Miraloma Park, Mount Davidson, and the Sky

I build cameras with Raspberry Pi computers to watch the sky so I don't have to. It's mainly about meteors, but also whatever else happens to pop up. That includes lots of airplanes, satellites, birds, and, yes, unidentified things to puzzle over. These two cameras are on my roof, one pointed east toward San Francisco Bay and the sunrise, and one west across the southern slopes of Mt. Davidson, highest peak in San Francisco (a sliver of the ocean visible at bottom left). Each camera takes thousands of pictures a day; this page shows a current view, and summary constructed views of what went on in the sky the last 24 hours.

Current Views

Uploaded every few minutes. Westward-facing camera on the left, eastward on the right.

Sunset/Sunrise Timelapses

Short videos of the most recent sunset and sunrise. Uploaded about an hour after the event.

Last Night's Images

Startrails reassure you that the earth is still spinning.

Animated startrails tell you which way it's spinning.

Timelapses stitch together all the images into a short video.


Photo Gallery

A spectacular meteor flashes over the southern slopes of Mt. Davidson in San Francisco after midnight January 4, 2024. A beauty!

This is a busy image, but worth figuring out. It's a startrails image of the whole night of Dec 17-18, 2023 in San Francisco. It was a miserable rainy night, as you can see from the crescent moon appearing and disappearing in the clouds. Also windy, which accounts for the jittery distant city lights. But the lightning over the ocean! Zoom in to see many bolts seeming to go right down to the water, lighting up the clouds from below. The streams of red and white lights are airplanes.

Animated version of the startrails. Click to watch.

A meteor looks like it’s plunging toward the ocean in the early morning of Tuesday, December 13, 2022. View west across Mt. Davidson in San Francisco. That’s Orion appearing in upper left, and the tiny dipper at center right is the Pleiades. Mars is at the top. Fog hovers over the peak at lower right.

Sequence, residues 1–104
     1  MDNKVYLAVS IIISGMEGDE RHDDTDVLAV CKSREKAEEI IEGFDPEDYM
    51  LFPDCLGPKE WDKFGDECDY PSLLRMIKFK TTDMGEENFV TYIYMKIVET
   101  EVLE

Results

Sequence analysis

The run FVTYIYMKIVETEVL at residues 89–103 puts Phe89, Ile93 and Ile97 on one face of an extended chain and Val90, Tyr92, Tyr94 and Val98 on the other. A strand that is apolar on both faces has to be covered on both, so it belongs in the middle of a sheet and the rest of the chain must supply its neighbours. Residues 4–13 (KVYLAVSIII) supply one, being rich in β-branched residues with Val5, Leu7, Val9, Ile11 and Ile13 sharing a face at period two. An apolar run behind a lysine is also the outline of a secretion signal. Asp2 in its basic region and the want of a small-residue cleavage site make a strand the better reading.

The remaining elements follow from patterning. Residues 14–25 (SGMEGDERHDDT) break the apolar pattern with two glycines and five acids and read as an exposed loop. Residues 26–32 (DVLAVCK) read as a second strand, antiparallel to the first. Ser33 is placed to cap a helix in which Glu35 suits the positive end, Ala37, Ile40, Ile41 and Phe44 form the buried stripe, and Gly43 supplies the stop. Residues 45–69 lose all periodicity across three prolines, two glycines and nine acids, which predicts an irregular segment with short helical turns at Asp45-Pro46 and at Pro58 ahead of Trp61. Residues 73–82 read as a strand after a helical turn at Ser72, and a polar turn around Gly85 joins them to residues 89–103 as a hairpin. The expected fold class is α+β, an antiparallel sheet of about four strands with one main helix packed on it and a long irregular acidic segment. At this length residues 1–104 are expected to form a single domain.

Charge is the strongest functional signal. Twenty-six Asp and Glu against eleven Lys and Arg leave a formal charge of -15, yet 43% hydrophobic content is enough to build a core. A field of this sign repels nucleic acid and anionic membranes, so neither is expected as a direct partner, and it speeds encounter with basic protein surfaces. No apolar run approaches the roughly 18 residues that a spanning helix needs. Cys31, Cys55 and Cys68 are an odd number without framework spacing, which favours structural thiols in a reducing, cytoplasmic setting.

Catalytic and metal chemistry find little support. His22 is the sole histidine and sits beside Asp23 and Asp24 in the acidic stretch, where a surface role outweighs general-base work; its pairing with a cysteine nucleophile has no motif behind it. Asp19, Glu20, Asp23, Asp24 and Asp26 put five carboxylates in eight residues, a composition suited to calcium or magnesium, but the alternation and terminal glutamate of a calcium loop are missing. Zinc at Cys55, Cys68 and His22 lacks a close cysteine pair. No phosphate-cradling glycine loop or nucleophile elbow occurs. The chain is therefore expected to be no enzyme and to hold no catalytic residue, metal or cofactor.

A bird flies in a cloudy blue afternoon sky.

The moon throwing a moonbeam down through the clouds, looking like rocket exhaust.

Sun setting into the Pacific on November 29, 2022, with an airplane passing overhead.

Startrails, night of Nov 10-11, 2022. Image made from over a thousand pics taken that night. The moon is just entering the frame at sunrise, and you can also see sunSET from the day before at bottom left, over the ocean. Jupiter is the brightest trail. Trails at odd angles are airplanes, helicopters, and sometimes satellites.

Startrails, night of Nov 15-16, 2022. A bright airplane-pass, and a probable meteor. See below.

Here's the bright airplane-pass, at 10:05pm. The curved green line above it is almost certainly a distant airplane, too far for the flashing lights to be visible in the image. Why green? Most likely the camera sensors doing their best at the ragged edge of their ability to detect the light at all in this 30-second exposure.

And the probable meteor. It's straight and bright and not white, with no flashing lights, so it's probably not an airplane, though very distant planes can fool you sometimes. "Probable" because dim satellites can catch the sun just right and suddenly "flare" into momentary brightness, and that can fool you too. But the time of this one (3:27am) doesn't match any likely satellite. The strong purple color is unexpected from a satellite too, and would indicate a high calcium content in a meteor. Or yes, it could be the camera just doing its best to capture photons in a long exposure, like the green airplane above.